Healthy di­ets

Irish Examiner - Feelgood - - This Week | In The News -

WHEN it comes to healthy eat­ing, the rules can be pretty un­clear. One minute we’re told we should be cut­ting out dairy and gluten, and the next carbs are the sworn en­emy — then sud­denly they’re not again.

We asked di­eti­cian He­len Bond to ex­plain what she con­sid­ers to be the most im­por­tant things to keep in mind when it comes to eat­ing well: 1. Pri­ori­tise plant-based foods If you’re still liv­ing by the ‘meat and two veg’ mantra, it’s time to throw out the old rule book. “We should pri­ori­tis­ing plant foods over an­i­mal foods now,” says Bond.

Plant-based di­ets are high in veg­eta­bles, whole­grain bread and ce­re­als, legumes and whole fruits. They can still con­tain small amounts of lean meats and dairy prod­ucts.

“I’m not to say­ing that meat is bad, it’s just not as sus­tain­able and is not as healthy for us as plant-based prod­ucts, which is why a lot of Eu­ro­pean cul­tures who are as­so­ci­ated with longevity of life opt for them in­stead — such as the Mediter­ranean diet,” notes Bond. 2. But you don’t have to go full ve­gan “I don’t ac­tu­ally rec­om­mend ve­g­an­ism or veg­e­tar­i­an­ism,” says Bond. “They have lots of health prop­er­ties as­so­ci­ated with them; the more fruits and veg­eta­bles you can in­clude in your diet, the bet­ter the out­come in terms of car­dio­vas­cu­lar health and pre­vent­ing can­cer. How­ever, you can also in­clude some oily fish and lean red meat.” 3. Eat good sources of vi­ta­min D “We don’t man­u­fac­ture vi­ta­min D, which is linked to im­mu­nity and mood, in our skin from Septem­ber to March as there is less sun­light dur­ing this pe­riod, so as well as tak­ing a sup­ple­ment of 10mcg, you need to top up with food sources of Vi­ta­min D.”

Good food sources of vi­ta­min D in­clude oily fish, egg yolks, cer­tain types of mush­rooms and for­ti­fied ce­re­als and milks. 4. Eat a por­tion of oily fish per week Oily fish have oil in their tis­sues and in the belly cav­ity around the gut. Th­e­ses in­clude salmon, trout, sar­dines and her­rings. Bond says you should aim for one cheque-book sized por­tion per week, as these sea crea­tures con­tain im­por­tant omega-3, which is vi­tal for our brain health, heart health, triglyc­erides (im­por­tant for gen­eral func­tion and reg­u­lat­ing en­ergy lev­els) and main­tain­ing healthy blood pres­sure. 5. Make small booze swaps Did you know that al­co­hol is just below fat in terms of calo­ries? A gram of fat is about nine calo­ries, a gram of al­co­hol is seven.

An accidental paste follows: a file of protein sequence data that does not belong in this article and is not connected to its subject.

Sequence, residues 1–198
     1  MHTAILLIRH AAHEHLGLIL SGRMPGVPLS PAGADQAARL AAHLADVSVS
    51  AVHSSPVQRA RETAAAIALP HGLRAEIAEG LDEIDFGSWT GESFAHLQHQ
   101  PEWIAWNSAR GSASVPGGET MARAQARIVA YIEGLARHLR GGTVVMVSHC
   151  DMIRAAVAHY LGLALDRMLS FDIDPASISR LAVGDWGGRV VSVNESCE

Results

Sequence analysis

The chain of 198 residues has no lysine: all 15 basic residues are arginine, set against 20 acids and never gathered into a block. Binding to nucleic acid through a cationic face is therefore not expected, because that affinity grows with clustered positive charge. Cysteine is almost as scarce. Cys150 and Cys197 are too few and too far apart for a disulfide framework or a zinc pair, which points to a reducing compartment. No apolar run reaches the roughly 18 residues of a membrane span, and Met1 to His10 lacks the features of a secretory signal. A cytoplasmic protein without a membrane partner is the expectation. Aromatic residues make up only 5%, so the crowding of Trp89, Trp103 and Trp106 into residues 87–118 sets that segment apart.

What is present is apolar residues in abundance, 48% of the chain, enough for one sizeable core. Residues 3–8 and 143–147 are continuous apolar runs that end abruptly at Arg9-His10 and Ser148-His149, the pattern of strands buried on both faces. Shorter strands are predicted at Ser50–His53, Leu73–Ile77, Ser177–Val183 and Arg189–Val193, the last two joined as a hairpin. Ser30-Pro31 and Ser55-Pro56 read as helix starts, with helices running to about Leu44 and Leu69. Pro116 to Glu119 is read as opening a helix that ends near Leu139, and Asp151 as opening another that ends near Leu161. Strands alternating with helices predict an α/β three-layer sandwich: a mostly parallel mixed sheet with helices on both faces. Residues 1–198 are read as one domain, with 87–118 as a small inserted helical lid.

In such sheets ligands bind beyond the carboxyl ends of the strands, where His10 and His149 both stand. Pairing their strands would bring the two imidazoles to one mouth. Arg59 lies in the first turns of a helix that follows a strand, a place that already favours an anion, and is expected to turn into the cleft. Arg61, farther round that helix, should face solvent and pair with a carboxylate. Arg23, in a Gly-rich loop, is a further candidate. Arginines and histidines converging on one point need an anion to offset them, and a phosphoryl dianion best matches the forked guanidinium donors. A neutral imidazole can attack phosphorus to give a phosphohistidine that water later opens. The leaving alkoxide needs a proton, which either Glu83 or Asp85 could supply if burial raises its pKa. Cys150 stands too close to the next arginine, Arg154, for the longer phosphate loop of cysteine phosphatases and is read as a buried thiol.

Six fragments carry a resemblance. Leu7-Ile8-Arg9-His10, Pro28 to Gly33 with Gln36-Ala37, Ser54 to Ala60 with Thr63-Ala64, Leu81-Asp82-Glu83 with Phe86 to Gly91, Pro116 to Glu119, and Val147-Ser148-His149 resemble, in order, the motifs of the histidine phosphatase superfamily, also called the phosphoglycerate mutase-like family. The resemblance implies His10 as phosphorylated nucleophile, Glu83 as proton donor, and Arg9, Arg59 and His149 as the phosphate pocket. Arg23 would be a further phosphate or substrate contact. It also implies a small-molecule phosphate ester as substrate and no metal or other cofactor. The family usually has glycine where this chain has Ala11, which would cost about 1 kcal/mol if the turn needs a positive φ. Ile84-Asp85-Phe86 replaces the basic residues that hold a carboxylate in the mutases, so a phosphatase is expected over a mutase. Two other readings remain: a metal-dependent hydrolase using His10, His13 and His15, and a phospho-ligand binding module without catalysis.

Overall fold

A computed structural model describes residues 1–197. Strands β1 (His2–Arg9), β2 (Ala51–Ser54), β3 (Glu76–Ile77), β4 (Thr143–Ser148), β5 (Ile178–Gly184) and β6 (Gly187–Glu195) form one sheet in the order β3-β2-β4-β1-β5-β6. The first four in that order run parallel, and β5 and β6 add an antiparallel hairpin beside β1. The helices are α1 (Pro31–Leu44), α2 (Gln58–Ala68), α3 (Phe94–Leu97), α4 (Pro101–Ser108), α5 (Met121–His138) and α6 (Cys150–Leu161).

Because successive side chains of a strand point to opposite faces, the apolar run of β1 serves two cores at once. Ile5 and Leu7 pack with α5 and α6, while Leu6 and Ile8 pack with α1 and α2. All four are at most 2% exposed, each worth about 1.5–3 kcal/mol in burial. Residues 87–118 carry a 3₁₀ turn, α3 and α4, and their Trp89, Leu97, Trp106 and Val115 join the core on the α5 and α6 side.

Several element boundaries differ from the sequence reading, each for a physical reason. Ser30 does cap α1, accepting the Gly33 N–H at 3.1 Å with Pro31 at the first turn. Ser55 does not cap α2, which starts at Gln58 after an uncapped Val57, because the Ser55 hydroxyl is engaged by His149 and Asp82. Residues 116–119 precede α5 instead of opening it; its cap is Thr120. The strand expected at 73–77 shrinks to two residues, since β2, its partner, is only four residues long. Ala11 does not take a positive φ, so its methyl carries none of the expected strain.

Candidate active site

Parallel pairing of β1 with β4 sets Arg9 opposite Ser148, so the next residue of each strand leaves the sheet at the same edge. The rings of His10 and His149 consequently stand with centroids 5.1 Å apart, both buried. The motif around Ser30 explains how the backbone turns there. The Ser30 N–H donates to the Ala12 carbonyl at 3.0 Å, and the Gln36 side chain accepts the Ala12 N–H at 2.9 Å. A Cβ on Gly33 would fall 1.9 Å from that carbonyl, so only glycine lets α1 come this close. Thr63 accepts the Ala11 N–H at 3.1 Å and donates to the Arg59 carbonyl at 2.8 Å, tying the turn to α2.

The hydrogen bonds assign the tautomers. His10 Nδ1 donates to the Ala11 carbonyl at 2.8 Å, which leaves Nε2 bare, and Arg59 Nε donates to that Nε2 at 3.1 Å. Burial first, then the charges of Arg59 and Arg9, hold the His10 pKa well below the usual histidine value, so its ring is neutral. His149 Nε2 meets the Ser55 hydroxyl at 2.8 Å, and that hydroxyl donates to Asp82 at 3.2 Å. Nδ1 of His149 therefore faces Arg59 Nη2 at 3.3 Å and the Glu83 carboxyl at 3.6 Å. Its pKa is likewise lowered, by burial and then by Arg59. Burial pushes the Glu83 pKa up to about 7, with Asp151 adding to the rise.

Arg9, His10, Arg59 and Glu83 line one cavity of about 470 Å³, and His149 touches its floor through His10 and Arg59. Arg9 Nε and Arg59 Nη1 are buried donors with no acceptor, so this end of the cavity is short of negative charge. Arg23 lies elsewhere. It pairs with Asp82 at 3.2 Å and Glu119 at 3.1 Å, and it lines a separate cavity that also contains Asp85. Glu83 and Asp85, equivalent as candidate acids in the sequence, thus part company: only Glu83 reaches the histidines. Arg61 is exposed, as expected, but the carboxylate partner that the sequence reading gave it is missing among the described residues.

“Peo­ple just aren’t aware of how many calo­ries are in al­co­hol, and it can be a mine­field on a night out,” says Bond. “The best way to tackle your in­take is in mak­ing small swaps. Al­ter­nate be­tween a glass of wine and a glass of water to re­hy­drate your­self, make white wine spritzers and use low-calo­rie mix­ers to re­duce the calo­rie con­tent.” 6. Pre-load with water Bond has a sim­ple trick for avoid­ing overeat­ing at the din­ner ta­ble — try hav­ing a glass of water be­fore you tuck in. “Over­all hy­dra­tion is re­ally im­por­tant for slim­ming down, and there’s been quite a lot of re­search with re­gards to pre-load­ing be­fore a meal,” she says. “If you have a glass of water be­fore you eat, it helps take the edge of the ap­petite. It’s like hav­ing an ap­ple be­fore a meal; an ap­ple is pretty much 85% water, so it can take the edge off your hunger, and the same goes for soups too.”

EAT YOUR GREENS: Di­eti­tian He­len Bond says we should pri­ori­tise plant-based foods in our diet.

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